Capacity Constraints and Cycles in Property-Casualty Insurance Markets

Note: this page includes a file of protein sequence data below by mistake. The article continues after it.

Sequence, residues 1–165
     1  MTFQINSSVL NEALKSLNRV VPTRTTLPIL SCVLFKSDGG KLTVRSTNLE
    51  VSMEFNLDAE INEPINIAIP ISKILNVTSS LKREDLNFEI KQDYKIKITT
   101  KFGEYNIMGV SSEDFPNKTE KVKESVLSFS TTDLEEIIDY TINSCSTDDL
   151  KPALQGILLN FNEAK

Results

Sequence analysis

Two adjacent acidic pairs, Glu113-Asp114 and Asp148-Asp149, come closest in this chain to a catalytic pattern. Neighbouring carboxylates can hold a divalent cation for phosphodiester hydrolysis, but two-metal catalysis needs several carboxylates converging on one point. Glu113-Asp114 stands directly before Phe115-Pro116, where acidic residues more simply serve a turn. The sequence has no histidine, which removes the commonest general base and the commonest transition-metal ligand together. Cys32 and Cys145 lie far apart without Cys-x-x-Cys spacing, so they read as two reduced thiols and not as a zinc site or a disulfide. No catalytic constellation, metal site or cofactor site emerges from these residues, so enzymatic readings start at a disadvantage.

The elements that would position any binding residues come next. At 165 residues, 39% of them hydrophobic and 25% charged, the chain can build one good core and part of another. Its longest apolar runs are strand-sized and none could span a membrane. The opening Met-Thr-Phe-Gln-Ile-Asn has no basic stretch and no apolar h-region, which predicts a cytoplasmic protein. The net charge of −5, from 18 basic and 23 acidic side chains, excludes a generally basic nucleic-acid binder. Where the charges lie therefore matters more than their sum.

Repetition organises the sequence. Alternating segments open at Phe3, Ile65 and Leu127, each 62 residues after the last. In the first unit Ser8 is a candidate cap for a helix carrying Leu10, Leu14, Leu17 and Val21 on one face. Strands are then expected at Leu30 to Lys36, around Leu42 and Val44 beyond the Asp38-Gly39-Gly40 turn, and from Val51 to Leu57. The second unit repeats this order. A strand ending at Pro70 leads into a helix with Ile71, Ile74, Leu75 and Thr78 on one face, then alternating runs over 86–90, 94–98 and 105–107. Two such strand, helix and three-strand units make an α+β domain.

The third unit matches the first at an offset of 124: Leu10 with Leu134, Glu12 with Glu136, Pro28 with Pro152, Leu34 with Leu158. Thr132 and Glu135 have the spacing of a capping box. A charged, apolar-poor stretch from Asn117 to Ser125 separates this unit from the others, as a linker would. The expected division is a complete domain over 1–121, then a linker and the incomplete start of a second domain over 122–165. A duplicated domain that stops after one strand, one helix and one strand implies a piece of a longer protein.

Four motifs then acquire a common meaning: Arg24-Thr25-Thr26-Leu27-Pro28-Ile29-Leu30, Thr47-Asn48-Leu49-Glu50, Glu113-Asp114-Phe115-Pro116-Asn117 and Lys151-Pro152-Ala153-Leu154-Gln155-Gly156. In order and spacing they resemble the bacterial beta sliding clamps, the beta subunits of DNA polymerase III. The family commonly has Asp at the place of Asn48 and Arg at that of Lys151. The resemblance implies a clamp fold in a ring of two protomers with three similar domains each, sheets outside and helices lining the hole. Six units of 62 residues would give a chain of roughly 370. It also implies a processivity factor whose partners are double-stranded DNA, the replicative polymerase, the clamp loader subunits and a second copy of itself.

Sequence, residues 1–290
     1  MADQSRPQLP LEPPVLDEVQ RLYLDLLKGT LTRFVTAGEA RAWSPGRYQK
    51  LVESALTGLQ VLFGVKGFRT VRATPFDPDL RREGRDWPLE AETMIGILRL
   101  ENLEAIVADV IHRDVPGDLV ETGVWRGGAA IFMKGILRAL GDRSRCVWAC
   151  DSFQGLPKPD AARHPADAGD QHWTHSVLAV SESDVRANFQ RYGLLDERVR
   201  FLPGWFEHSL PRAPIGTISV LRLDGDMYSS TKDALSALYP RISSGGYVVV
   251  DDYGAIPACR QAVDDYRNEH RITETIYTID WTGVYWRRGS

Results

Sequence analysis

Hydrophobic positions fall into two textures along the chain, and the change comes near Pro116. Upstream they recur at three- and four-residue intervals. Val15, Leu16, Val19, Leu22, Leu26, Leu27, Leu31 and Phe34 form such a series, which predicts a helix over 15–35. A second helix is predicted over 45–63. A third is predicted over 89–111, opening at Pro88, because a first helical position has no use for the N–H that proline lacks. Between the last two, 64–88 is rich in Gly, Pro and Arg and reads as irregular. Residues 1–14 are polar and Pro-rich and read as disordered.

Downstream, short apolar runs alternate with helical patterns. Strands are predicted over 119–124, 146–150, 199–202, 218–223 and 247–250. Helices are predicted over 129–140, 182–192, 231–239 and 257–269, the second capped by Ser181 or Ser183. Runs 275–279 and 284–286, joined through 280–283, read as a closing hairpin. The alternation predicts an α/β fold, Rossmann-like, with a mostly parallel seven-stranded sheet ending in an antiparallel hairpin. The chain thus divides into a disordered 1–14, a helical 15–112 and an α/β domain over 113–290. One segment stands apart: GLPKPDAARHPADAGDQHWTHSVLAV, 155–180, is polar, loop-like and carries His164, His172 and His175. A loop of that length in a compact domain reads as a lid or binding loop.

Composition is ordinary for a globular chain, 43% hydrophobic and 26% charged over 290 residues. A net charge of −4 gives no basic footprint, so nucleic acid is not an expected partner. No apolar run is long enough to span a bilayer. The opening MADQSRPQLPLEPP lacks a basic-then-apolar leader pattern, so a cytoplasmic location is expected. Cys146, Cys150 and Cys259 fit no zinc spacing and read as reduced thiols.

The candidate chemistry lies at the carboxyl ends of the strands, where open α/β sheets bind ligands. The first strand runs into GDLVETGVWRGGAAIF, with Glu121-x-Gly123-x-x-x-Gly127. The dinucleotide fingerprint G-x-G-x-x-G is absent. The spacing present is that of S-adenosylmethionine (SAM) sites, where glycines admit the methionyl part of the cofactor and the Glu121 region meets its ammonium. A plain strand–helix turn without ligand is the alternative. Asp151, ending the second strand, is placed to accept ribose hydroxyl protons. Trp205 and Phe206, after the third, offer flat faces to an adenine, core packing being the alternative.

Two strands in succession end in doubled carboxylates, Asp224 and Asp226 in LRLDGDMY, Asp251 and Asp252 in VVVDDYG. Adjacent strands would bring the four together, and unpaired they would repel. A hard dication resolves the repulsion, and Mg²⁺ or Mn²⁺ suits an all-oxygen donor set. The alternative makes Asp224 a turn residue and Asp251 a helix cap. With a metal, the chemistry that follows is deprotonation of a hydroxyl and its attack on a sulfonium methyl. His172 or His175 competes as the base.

AbstractUnderwriting cycles are unexpected in a structurally competitive industry where financial capital is the major determinant of output capacity. "Arbitrage" theories explain underwriting cycles as largely an artifact of institutional lags and reporting practices; "capacity-constraint" theories view insurance markets as characterized by real frictions that cause underwriting cycles by temporarily reducing the industry's capacity to insure risks. Arbitrage theories imply no systematic relationship between capacity and underwriting margins, while capacity-constraint hypotheses predict a negative relationship. This article provides a test of the two theories by examining the empirical relationship between capacity and underwriting margins. The results, using data on four insurance lines, generally support the capacity-constraint hypothesis; unanticipated decreases in capacity cause higher profitability and prices.
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